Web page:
March 83 will remain a sad day in the glorious history of the MMM and an even sadder one for Mauritius.
We saw how the U.S. could have played a hand in the dismissal of President Ameenah Gurib-Fakim.
We know how India has a heavy hand in the affairs of Mauritius.
We also know how France and China are playing their cards over the territorial integrity of Mauritius.
While Mauritians believe they are totally free to decide their future and to decide who will be their Prime Minister, “Il ya anguille sous roche!”.
This brings us back to 1983, with ‘la grande cassure‘ of the MMM-PSM government and the breaking of the MMM in two.
What really happened in 1983 that led to the split within the MMM?
This, in turn, led to the creation of the MSM, coupled with the dissolution of the PSM. Which ‘forces occult’ were behind this all?
At the peak of the infighting in that fatal date of March 22, 1983, both Paul Berenger and Sir Aneerood Jugnauth were duped.
SAJ learned that the French had sent their frigates to surround Mauritius and carry out a coup against him.
He panicked and reeled against Berenger.
On his side, Berenger heard the Indian navy was near Mauritius to give full support to SAJ.
SAJ told his leftenants, including highly placed lawyer Madan Dulloo, on his beliefs the French were already here.
He was in his usual, inconsolable, but angry that Berenger would have done such a thing.
However, there were no French warships in the waters of Mauritius with that intent.
Berenger never made any deals with the French to back him up in a coup against SAJ.
Nevertheless, it is widely reported that the Indian navy was on the way in what is now known as Operation Lal Dora.
We have the official version in local newspapers, that is MMM leader Paul Berenger was main actor behind the split.
Some of the local papers attacked Harish Boodhoo for his visit to India.
The MMM’s organ, Le Militant, pointed fingers at Sir Aneerood Jugnauth and Boodhoo for the split.
It alleged the PSM was at that time back to the Labour party, from where it originated. Much of the MMM group accused Boodhoo of the split.
Though history now tells us that Berenger started it all, and it culminated to the point of no return for the MMM-PSM.
Young Parliamentarian Alan Ganoo – who came back from a trip to Africa – went right in the middle of the action.
He did recall for WFTV how he felt about 1983: “It should not have happened,” he lamented.
Reading through international portals, we can get a feel for what actually happened.
The Diplomat carried this article, of which we have some extracts here:
By mid-1983, when the rift between Jugnauth and Berenger had manifested more clearly and fears of a coup were real, top Indian military planners were readying the country for military intervention.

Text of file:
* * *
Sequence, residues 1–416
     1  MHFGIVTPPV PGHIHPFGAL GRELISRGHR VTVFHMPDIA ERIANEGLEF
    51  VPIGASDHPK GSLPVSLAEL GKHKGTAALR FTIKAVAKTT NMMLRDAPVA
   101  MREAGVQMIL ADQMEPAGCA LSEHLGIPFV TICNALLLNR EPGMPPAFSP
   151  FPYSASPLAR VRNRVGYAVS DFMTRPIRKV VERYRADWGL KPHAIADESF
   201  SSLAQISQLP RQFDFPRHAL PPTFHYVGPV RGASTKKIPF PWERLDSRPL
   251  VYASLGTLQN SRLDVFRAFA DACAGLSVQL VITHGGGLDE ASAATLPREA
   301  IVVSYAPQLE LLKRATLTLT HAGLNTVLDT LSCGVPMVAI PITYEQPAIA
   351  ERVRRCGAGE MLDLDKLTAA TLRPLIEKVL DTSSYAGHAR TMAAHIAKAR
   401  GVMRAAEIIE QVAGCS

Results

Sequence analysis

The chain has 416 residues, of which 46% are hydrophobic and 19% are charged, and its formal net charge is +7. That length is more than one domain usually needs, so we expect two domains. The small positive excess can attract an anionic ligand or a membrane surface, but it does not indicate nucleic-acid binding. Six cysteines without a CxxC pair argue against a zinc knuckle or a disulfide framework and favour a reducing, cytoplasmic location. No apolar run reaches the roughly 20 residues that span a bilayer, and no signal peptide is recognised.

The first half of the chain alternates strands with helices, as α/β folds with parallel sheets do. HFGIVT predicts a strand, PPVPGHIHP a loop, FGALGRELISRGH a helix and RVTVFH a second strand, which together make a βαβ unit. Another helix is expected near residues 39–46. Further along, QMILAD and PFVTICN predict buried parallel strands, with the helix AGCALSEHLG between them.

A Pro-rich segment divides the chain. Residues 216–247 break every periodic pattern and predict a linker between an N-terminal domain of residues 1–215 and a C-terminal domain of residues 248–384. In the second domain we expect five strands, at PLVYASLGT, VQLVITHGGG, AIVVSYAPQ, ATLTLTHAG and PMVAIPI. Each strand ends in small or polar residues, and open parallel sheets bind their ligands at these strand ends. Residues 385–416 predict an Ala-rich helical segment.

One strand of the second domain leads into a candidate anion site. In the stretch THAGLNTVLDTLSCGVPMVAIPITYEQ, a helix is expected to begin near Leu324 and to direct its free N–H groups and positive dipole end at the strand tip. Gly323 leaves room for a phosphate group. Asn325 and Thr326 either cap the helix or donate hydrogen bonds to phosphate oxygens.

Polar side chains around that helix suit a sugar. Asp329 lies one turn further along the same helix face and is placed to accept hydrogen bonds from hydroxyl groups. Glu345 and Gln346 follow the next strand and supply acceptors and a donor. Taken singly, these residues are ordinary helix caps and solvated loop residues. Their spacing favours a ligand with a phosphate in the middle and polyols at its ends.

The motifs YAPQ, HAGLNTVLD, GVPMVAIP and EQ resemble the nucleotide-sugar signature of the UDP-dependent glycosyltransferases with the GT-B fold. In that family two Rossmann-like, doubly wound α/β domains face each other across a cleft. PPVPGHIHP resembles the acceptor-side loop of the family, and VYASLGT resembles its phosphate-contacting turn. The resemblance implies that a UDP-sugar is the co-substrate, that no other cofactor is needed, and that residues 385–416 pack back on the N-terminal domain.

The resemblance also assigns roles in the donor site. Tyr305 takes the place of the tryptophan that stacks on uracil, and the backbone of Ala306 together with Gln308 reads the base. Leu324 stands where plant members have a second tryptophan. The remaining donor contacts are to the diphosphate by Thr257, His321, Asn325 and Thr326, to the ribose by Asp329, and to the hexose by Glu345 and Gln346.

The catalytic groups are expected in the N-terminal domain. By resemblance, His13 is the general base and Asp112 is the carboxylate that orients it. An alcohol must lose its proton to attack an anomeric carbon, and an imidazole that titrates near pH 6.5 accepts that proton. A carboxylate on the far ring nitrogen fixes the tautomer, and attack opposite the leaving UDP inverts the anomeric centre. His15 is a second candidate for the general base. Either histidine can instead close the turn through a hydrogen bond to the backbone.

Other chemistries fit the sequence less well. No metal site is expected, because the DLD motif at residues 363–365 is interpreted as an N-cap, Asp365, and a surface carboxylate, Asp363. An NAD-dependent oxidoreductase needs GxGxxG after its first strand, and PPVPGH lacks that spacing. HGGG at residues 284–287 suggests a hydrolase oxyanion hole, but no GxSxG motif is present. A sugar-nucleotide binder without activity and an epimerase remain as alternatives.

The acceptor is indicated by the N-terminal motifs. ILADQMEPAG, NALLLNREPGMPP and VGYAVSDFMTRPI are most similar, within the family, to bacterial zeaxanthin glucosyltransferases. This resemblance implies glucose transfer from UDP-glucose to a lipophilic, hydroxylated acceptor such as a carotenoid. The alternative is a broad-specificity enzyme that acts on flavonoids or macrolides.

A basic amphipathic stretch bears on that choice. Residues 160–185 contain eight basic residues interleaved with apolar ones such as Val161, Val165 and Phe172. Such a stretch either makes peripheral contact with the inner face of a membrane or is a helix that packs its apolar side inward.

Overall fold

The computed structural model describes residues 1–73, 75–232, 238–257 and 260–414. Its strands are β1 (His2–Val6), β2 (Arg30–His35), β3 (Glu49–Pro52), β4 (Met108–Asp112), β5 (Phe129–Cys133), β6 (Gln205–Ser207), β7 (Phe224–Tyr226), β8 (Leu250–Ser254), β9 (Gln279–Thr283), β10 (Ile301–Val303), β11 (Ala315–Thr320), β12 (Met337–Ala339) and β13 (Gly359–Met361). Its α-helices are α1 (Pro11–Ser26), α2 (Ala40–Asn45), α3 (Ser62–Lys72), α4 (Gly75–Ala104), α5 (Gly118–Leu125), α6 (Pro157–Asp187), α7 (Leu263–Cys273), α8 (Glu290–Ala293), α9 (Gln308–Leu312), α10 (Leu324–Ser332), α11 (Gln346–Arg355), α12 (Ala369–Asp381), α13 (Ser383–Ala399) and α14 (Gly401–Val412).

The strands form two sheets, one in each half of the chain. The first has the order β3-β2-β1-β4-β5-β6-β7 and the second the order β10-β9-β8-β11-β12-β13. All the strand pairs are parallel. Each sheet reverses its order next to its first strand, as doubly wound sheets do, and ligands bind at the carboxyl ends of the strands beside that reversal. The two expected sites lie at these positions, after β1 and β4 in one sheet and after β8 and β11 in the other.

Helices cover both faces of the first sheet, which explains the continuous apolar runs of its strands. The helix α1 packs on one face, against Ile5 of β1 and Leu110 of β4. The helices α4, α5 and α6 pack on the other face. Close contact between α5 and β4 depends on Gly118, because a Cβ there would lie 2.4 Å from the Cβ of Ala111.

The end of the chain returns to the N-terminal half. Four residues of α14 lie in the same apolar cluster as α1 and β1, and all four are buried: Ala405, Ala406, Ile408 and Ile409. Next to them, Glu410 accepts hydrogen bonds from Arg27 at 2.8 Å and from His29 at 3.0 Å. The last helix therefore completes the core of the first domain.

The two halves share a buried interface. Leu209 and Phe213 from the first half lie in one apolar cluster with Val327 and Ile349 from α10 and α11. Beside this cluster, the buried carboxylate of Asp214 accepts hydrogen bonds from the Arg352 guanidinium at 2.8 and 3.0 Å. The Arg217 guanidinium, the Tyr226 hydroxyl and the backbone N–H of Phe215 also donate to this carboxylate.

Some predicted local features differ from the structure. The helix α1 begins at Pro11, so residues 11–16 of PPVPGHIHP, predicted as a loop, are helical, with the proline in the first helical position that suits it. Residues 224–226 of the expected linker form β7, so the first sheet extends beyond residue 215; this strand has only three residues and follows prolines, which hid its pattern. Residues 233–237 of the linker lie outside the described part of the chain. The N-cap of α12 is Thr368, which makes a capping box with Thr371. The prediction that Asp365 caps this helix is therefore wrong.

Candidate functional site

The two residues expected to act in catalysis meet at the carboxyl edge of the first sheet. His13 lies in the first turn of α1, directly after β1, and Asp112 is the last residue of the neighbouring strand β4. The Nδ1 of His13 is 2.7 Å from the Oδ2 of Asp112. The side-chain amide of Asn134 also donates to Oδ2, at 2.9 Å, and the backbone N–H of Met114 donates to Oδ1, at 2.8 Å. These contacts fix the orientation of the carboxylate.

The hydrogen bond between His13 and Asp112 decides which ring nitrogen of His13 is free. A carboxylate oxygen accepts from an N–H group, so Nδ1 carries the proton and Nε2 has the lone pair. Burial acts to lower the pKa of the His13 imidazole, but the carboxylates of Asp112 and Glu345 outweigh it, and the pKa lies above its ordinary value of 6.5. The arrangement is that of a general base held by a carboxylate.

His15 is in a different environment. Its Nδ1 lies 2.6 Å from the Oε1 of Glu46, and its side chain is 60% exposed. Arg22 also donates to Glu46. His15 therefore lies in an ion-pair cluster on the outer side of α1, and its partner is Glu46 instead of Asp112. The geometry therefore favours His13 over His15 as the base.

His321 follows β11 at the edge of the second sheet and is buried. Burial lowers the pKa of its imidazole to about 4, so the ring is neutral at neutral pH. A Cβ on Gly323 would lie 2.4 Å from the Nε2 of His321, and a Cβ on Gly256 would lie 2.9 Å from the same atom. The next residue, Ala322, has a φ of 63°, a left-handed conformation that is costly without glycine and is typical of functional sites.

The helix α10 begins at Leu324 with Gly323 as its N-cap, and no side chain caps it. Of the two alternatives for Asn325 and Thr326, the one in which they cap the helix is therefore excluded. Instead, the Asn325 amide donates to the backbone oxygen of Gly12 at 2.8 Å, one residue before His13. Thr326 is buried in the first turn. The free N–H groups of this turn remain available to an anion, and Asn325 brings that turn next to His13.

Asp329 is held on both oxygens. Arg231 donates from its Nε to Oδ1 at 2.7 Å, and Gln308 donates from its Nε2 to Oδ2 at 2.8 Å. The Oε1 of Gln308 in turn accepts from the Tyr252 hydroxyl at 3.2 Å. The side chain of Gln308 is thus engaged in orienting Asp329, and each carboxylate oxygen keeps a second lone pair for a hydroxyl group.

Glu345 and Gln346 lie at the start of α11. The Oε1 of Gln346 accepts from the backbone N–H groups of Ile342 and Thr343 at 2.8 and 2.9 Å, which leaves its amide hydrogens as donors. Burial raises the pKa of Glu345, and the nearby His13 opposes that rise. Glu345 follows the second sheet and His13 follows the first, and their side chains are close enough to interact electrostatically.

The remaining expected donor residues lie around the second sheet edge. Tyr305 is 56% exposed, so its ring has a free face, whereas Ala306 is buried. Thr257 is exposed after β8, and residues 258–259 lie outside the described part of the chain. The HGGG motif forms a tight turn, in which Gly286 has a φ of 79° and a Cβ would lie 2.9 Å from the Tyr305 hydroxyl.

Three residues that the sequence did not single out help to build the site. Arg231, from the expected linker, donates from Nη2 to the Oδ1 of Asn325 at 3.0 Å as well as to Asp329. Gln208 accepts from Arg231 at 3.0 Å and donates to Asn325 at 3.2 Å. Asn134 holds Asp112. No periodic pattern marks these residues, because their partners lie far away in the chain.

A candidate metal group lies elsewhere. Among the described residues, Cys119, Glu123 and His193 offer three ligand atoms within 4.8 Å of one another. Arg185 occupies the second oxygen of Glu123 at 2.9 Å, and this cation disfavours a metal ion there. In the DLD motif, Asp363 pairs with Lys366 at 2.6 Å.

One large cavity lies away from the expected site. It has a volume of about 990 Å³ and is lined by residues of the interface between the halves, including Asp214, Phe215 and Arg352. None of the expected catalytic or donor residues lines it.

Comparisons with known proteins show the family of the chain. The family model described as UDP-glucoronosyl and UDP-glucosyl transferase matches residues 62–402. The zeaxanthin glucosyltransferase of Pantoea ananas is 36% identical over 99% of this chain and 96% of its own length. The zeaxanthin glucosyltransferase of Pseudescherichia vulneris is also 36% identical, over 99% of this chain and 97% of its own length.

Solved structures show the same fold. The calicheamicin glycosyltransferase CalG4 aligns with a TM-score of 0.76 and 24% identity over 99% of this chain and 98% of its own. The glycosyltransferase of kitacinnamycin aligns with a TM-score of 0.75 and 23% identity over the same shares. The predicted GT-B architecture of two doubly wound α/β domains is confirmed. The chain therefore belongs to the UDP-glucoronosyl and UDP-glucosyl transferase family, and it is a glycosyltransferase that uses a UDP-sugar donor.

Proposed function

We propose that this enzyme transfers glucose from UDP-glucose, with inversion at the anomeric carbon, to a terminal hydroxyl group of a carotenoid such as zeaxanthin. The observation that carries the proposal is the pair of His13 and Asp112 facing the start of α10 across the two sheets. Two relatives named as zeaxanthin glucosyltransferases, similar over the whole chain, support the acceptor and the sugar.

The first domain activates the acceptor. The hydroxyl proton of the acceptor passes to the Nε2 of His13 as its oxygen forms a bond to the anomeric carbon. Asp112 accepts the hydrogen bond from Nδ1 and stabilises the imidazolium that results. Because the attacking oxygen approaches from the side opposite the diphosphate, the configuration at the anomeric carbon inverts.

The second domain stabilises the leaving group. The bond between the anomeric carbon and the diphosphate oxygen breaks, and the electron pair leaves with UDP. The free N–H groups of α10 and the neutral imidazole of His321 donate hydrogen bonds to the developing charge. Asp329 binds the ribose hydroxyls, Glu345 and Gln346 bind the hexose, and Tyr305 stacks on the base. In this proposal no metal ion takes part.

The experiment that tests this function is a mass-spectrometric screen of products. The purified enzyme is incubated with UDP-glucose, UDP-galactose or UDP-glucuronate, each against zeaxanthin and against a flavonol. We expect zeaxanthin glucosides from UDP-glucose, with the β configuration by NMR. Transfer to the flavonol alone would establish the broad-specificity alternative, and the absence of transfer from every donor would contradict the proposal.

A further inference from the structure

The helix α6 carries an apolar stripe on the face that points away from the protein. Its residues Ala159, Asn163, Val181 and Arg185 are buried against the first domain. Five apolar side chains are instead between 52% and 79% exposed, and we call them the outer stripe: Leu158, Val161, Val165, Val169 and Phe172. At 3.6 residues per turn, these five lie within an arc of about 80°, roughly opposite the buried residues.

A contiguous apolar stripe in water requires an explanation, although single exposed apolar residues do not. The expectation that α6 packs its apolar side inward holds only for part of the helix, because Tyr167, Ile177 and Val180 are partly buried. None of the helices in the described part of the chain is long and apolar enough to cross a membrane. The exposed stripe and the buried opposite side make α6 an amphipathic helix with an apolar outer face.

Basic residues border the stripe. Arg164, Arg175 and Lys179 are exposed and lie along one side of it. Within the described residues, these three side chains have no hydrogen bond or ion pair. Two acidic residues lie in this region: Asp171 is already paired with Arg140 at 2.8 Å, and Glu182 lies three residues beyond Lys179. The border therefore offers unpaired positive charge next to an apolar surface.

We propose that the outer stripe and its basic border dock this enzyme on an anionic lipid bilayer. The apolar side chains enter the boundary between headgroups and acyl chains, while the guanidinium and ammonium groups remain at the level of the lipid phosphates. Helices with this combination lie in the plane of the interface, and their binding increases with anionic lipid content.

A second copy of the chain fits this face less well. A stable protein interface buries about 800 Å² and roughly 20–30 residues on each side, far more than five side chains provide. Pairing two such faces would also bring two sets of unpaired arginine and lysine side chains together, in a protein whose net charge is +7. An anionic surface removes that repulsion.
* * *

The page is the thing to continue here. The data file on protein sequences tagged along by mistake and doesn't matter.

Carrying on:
“Here I recommend referring to Brewster and Rai’s paper, where they detail the tremendous military planning and bureaucratic hurdles that ultimately left Operation Lal Dora, the name for India’s planned intervention in Mauritius, dead-on-arrival,” wrote the writer.
The Indian Army and Navy exhibited a tremendous lack of coordination.
Their most senior leaders saw each other as adversaries and this killed operation Lal Dora.
But the operation took place and SAJ as well as Boodhoo would have been aware of these manipulations, observers confirmed to WFTV.
It is also clear that India could not carry out such an operation.
It’s modest naval and amphibious warfare capabilities prevented it.
“But at the time a stumbling leadership and strategic disagreements at the top levels of political and military planning sealed the operation’s fate,” wrote y Ankit Panda.
While Indira Gandhi ultimately shelved the operation, it was too late to salvage the great alliance that has deteriorated in Mauritius.
Indeed, it is Berenger who started it all but he did not end it alone.
SAJ was irreconcilable and did not want to work with Berenger anymore than he wanted to way back in October 82.
“In the end, there was no coup, suggesting that rumours of an Indian mobilization adequately conveyed New Delhi’s resolve in supporting Jugnauth at the time.
“From 1983 onward, India’s influence in Mauritius has persisted,” The Diplomat wrote.
The Diplomat adds that while the episode represented an interesting moment of strategic convergence between the United States and India at the height of the Cold War, it did not lead to any real sustained cooperation in the Indian Ocean.
Today, New Delhi and Washington publicly acknowledge their convergent interests in the Indian Ocean region.
And it is true that both India and the U.S. are still meddling in our affairs!